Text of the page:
I'm doing some measurements with my sound card, I have one output channel connected to one input channel.

I then send the sound card a unit impulse, i.e. a signal 1 value followed by zeros.

The recorded response is shown below.

I know that the Fourier transform of a Rect function, or LPF, will result in a Sinc function - which is what the response below seems to be. But I'm not quite sure as to the reason for the pre-ringing in the response.

captured unit impuse


2 Answers 2


Somewhere in the chain between the sound card analog input and the samples that you're plotting, there is certainly a lowpass filter. There is likely an analog anti-aliasing filter before the ADC; in addition, there are likely one or more lowpass filters applied during resampling processes either on the card or in the operating system's audio driver stack (resulting in a stream of samples at the sample rate that you requested).

As you noted, lowpass filters often have an impulse response that resembles a $\text{sinc}$ function. When you excite a linear system with an impulse, the resulting output is just a copy of the system's impulse response (due to the convolution theorem). So, the fact that the observed signal looks like a $\text{sinc}$ function is to be expected. It doesn't sound like this surprised you, either.

However: you did not observe noncausal behavior. If you had, then you should have run immediately to your local patent office. Noncausal systems are not realizable in the real world. Remember the definition: in order for a system's response to be noncausal, its output must lead the input in time. Stated differently, the filter would start outputting its response to the input before you put the input in. Obviously, that's not going to happen.

So what's with the pre-ringing? Simple: the large spike in the middle corresponds to the center of the filter's impulse response. However, that spike does not correspond to $t=0$, the time at which the impulse was inserted into the filter. Consider the following MATLAB example:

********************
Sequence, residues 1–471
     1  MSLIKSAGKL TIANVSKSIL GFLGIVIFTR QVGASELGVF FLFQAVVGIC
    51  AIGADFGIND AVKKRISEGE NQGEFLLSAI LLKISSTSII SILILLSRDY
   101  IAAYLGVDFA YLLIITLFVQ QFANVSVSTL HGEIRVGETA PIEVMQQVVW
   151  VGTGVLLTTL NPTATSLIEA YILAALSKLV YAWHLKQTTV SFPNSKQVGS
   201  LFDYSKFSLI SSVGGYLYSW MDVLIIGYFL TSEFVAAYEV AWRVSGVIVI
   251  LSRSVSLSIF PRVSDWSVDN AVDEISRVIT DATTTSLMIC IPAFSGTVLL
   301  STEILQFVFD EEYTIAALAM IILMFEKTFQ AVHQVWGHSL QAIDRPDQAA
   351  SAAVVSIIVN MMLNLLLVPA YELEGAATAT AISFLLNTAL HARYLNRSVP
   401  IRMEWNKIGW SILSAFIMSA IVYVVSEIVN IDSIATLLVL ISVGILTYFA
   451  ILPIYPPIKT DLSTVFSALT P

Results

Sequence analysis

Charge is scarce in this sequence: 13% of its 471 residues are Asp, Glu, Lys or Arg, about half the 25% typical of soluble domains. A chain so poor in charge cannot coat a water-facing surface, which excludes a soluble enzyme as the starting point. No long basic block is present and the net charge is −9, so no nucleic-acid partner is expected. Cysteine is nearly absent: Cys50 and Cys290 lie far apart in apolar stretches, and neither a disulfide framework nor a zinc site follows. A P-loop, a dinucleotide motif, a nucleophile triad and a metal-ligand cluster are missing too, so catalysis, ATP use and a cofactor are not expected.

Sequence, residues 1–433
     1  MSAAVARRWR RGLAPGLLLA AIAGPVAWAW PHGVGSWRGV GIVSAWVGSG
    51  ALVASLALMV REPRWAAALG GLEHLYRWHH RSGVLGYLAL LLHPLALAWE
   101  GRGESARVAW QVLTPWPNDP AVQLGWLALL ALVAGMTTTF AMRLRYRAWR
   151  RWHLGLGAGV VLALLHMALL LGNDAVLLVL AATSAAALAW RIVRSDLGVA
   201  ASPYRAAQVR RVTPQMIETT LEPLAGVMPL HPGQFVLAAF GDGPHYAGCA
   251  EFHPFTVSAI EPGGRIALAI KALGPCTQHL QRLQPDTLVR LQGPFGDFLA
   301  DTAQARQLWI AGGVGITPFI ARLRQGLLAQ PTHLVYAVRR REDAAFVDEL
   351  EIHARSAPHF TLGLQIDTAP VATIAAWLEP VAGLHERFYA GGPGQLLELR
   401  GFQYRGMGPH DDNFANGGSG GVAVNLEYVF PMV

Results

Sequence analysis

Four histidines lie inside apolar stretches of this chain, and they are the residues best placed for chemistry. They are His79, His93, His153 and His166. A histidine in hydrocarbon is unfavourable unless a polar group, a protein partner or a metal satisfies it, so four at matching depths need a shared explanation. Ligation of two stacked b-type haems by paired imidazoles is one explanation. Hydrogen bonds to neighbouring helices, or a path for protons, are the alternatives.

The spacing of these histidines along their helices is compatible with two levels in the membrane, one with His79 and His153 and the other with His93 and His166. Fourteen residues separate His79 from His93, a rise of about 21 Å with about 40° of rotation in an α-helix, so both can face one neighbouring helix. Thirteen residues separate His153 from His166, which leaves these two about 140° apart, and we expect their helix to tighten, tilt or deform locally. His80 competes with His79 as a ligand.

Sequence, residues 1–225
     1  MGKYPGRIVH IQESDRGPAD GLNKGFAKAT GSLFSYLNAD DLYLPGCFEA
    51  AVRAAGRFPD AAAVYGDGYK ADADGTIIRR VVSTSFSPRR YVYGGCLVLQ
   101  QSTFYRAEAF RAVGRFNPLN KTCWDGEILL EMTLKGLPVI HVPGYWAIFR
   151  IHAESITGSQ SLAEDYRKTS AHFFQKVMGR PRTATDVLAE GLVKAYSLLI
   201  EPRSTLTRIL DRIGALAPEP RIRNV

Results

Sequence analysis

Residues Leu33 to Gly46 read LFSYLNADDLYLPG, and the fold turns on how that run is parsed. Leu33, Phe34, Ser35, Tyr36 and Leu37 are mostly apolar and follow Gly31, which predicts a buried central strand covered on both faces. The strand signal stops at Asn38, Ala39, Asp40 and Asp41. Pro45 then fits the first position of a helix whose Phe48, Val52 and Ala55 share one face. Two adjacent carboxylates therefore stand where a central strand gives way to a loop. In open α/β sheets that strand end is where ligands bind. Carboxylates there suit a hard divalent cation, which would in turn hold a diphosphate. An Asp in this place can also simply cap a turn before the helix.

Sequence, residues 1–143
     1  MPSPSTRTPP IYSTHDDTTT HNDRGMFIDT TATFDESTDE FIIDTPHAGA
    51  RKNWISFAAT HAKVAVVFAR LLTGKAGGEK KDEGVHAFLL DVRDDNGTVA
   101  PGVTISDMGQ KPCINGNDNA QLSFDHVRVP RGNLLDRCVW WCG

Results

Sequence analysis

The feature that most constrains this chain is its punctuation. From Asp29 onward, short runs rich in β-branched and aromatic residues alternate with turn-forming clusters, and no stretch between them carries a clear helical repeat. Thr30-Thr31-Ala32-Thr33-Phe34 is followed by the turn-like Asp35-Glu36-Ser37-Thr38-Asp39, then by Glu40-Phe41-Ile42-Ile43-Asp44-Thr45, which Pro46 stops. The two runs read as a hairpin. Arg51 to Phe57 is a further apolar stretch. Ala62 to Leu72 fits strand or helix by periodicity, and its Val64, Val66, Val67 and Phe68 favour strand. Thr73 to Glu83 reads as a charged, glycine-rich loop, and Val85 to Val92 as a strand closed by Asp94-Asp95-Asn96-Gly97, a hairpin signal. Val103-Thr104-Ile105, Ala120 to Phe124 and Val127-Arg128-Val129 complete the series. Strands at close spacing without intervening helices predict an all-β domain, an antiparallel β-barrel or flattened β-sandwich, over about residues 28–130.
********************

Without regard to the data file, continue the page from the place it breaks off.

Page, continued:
% generate a 250th order lowpass filter
b = fir1(250, 0.5);
% plot its impulse response
plot(0:250, b); grid on;

The resulting plot looks like this:

enter image description here

As you can see, the peak in the plot is not at sample index zero. The filter has an overall delay of 125 samples (indeed, all linear-phase FIR filters have a bulk delay of $\frac{N}{2}$ samples, where $N$ is the filter order), and the pre- and post-ringing are centered about that delay. So, when you insert the impulse, you initially see very little response. As the impulse makes its way through the filter taps, the ringing ramps up to a peak at the impulse response's center, then ramps back down to zero.

The takeaway: There is no noncausal behavior in the example you gave. It is possible to simulate noncausal filters in practice by adding enough delay, similar to the delay shown in the lowpass filter's impulse response above.

  • $\begingroup$ Haha, I wish it were acausal behavior as then I would exploit it to play the lotto and be rolling in the cash! I'm still having a problem getting the intuition for an analog filter displaying the pre-ringing, with a digital filter I can understand the signal propagating through the taps. $\endgroup$
    – Lance
    Commented Jun 29, 2012 at 14:22
  • 3
    $\begingroup$ An analog filter is very much analogous to the digital case. Instead of propagating through taps, you have voltages and currents propagating through capacitors and inductors. Recall that the voltage across a capacitor can't change instantaneously; it ramps exponentially, adding delay to the response seen on the output. Likewise, the current through an inductor can't change instantaneously; it ramps exponentially also. All of these effects interwork inside of an analog filter network to give the overall impulse response that you observe. $\endgroup$
    – Jason R
    Commented Jun 29, 2012 at 14:45
  • $\begingroup$ Pre-ringing and this kind of response is still more typical of digital filters, but still I am not surprised of seeing this... It's not uncommon for ADCs and DACs to work internally at a higher sample rate than what they are set to, and do the sample rate conversion in the digital domain. $\endgroup$ Commented Jun 29, 2012 at 15:41
  • $\begingroup$ @pichenettes: You're right. It's much easier to design a digital filter that approximates a brick-wall frequency response and therefore has a sinc-like impulse response than it is to make an analog one. Good point. $\endgroup$
    – Jason R
    Commented Jun 29, 2012 at 16:45

The Sinc function represents the transform of a linear phase "brick-wall" low pass filter, with the peak centered at time 0. Most physical low pass filters have a closer resemblance to a minimum phase response with a magnitude response that has less perfect/sharp transitions than a Sinc, and with the peak in the minimum phase response offset in time by some physical propagation delay.


Your Answer

By clicking “Post Your Answer”, you agree to our terms of service and acknowledge you have read our privacy policy.

Not the answer you're looking for? Browse other questions tagged or ask your own question.